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2021 Atlantic Hurricane Season Summary

2021 Atlantic Hurricane Season Summary

Created: Thursday, December 2, 2021 - 12:58
General Security and Resilience, Natural Disasters

The 2021 Atlantic hurricane season has officially come to an end. This year’s hurricane season was notably active, with 21 named storms (winds of 39 miles per hour or greater), including seven hurricanes (winds of 74 mph or greater) of which four were major hurricanes (winds of 111 mph or greater). Scientists at the National Oceanic and Atmospheric Administration (NOAA) accurately predicted the above-average hurricane season in their May and August forecasts. This season was the third most active season on record in terms of named storms, it was the sixth consecutive above-normal Atlantic hurricane season, and it was the first time on record that two consecutive hurricane seasons exhausted the list of 21 storm names.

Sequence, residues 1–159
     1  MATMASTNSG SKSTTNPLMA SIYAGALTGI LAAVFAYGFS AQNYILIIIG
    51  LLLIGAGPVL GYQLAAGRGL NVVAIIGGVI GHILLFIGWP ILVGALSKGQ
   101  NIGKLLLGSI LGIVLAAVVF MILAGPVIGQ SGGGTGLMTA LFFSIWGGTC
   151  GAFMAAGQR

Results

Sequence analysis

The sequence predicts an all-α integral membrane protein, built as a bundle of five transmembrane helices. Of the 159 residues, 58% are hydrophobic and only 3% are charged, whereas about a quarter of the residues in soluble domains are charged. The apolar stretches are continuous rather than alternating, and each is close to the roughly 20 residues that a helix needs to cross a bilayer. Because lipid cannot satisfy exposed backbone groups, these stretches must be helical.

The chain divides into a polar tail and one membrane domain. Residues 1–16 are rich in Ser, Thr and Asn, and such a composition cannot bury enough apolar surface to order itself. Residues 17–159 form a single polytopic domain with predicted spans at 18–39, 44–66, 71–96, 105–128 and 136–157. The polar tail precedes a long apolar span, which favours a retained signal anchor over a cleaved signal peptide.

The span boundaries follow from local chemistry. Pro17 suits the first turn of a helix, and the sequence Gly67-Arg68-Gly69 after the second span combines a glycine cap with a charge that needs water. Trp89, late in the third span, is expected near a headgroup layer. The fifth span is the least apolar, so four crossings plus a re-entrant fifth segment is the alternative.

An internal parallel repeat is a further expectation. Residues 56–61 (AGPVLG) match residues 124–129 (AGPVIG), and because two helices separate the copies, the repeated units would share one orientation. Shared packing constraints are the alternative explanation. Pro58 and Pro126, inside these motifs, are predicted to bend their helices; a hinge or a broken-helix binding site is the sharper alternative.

This active season can be attributed to “Climate factors,” according to Matthew Rosencrans, lead seasonal hurricane forecaster at NOAA’s Climate Prediction Center. These factors included “La Niña, above-normal sea surface temperatures earlier in the season, and above-average West African Monsoon rainfall.” Additionally, the Intergovernmental Panel on Climate Change's Sixth Assessment Report, released in August 2021, forecasts with high confidence that tropical cyclones that reach very intense levels (category 4-5), along with high winds and precipitation levels, are projected to increase as climate change continues warming the planet.

“NOAA provided the science and services necessary to protect life and property before, during and after storms all season long,” according to NOAA Administrator, Rick Spinrad, Ph.D. “From essential observations to advanced warnings to critical response actions, NOAA supports communities so they are ready, responsive and resilient to the impact of tropical cyclones each and every hurricane season.” The 2022 hurricane season begins on June 1, and NOAA’s Climate Prediction Center will release its first seasonal outlook in May. Until then, NOAA encourages everyone to ensure they are prepared for extreme-weather events. Read more at NOAA.